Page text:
@movie.update(params[:movie])
    end
    
  4. Now, back in your browser, use the form to edit some details about your first movie. For example, you may want to rename "Iron Man" to "Iron Woman" and set its total gross to $1B!

  5. Then submit the form again and this time you should get a different error:

    ActiveModel::ForbiddenAttributesError

    Forbidden! What happened was we took all the movie attributes in the form data and tried to assign them in bulk (using update) to the movie being updated. Rails grabs us by the collar and says: "You sure about that? Do you really want to trust parameters from the big, bad Internet?" It's actually quite trivial for a malicious user (a hacker) to fake form data and end up changing movie attributes that we don't want them to change.

    To prevent that from happening, Rails requires us to explicitly list the attributes that can be mass assigned from form data. We do that by calling the permit method and passing in the list of attributes that are allowed to be mass-assigned from form data, like so:

    params[:movie].permit(:title, :description, :rating, :released_on, :total_gross)
    

    That line of code returns a new hash that includes only the permitted attributes. It also marks the hash as being "permitted" which tells Rails that we've taken the necessary security precautions. In other words, we now have a white list of trusted attributes that can safely be sent through the update method.

    Alternatively, if we want to lock this down a little tighter, we can call the require method on the params hash and pass it the parameter key we expect, like so:

    params.require(:movie).permit(:title, :description, :rating, :released_on, :total_gross)
    

    The require method returns the same hash as we get by accessing params[:movie], but require will raise an exception if the given key (:movie in this case) isn't found in the params object. So using require is preferred because it gives us one more added check on the form data.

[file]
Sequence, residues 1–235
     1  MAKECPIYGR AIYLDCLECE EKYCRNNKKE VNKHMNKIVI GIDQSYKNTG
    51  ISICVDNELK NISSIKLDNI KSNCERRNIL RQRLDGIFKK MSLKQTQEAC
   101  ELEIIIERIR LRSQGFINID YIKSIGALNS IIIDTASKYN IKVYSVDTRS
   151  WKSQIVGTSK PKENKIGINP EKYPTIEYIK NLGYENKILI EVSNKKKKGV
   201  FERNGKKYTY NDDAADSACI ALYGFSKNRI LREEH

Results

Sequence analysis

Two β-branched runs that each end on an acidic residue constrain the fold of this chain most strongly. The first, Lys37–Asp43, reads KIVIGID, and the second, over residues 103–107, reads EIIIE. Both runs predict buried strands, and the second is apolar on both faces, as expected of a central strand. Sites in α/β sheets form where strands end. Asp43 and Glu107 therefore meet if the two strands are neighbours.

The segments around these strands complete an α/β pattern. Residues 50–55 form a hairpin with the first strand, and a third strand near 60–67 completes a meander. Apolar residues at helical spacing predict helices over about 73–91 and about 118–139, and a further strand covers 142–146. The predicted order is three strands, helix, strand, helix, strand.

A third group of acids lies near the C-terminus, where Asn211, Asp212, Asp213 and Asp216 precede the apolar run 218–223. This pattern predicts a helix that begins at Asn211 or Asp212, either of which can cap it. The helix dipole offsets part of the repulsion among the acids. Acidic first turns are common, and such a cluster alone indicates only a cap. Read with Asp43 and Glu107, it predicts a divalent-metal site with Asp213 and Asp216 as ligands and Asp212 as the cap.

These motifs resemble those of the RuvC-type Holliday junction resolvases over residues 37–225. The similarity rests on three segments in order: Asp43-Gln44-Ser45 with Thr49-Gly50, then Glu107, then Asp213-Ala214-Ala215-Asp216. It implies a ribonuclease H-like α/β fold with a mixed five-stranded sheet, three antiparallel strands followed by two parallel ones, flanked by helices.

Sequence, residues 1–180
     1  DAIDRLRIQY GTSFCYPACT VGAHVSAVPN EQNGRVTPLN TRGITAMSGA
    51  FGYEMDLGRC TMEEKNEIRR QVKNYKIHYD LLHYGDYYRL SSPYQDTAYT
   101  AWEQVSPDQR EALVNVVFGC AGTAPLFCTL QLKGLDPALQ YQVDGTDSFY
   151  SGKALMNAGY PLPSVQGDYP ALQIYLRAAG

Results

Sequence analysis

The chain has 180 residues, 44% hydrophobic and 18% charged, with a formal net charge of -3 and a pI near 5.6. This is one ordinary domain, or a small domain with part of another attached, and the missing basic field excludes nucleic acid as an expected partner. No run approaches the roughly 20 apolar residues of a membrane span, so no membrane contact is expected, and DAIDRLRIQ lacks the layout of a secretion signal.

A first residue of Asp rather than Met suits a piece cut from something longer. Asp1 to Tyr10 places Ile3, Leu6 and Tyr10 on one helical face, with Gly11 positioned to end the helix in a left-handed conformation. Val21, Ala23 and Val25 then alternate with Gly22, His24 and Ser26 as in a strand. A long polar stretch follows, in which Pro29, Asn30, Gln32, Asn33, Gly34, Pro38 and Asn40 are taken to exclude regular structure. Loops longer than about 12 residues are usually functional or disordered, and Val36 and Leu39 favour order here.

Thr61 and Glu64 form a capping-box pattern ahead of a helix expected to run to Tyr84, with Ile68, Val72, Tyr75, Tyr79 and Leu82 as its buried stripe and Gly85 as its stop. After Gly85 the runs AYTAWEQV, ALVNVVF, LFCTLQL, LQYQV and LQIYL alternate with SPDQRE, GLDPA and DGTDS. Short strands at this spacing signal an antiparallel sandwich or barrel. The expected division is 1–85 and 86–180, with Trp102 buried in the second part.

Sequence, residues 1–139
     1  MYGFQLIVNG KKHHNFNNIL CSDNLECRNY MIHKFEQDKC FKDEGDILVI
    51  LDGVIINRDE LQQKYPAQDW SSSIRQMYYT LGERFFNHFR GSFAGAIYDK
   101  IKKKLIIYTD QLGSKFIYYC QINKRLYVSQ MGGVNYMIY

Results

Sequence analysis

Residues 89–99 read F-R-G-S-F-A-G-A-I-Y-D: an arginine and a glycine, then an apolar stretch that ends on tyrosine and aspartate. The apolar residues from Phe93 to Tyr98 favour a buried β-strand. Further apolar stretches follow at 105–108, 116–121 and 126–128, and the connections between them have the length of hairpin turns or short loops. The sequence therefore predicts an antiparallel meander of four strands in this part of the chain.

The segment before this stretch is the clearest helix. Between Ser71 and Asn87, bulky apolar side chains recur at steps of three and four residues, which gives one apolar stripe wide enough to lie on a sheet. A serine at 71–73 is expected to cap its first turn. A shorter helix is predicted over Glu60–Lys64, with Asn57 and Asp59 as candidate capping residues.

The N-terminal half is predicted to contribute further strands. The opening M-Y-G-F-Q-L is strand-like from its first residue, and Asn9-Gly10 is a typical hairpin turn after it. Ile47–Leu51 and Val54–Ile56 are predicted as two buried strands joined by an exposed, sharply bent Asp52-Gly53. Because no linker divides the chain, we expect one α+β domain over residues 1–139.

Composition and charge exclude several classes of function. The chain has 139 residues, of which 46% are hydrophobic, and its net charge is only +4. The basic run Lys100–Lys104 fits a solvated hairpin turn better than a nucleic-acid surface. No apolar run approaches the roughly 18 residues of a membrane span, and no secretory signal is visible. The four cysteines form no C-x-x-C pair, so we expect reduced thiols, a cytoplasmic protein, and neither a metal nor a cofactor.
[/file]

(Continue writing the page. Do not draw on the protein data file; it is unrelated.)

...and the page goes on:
Finally, if you want all of a movie's attributes to be updatable without listing them out, you can call permit! like so

    params.require(:movie).permit!
    

    While convenient, using permit! is risky because all the attributes will always be updatable from form data. Instead, it's better to explicitly list the attributes that can be updated from a form.

  6. In your update action, use the line of code above and assign the result to a variable called movie_params, for example. Then pass that variable as a parameter to the update method.

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    def update
      @movie = Movie.find(params[:id])
    
      movie_params =
        params.require(:movie).
          permit(:title, :description, :rating, :released_on, :total_gross)
    
      @movie.update(movie_params)
    end
    
  7. Then submit the form with data again and Rails shouldn't hassle you about the perils of form data on the big, bad web. However, this time the button should become disabled and it will appear as if nothing happened. But something did indeed happen!

    If you have a look in the Terminal or command prompt window where the Rails server is running, you should see something like the following:

    Started PATCH "/movies/1" for ::1 at 2019-05-28 13:42:05 -0600
    Processing by MoviesController#update as HTML
    Parameters: {...}
    Movie Load (0.1ms)  SELECT "movies".* FROM "movies" WHERE "movies"."id" = ? LIMIT ?  [["id", 1], ["LIMIT", 1]]
    (0.1ms)  begin transaction
    Movie Update (0.3ms)  UPDATE "movies" SET "title" = ?, "total_gross" = ? WHERE "movies"."id" = ?  [["title", "Iron Woman"], ["total_gross", 1000000000.0], ["id", 1]]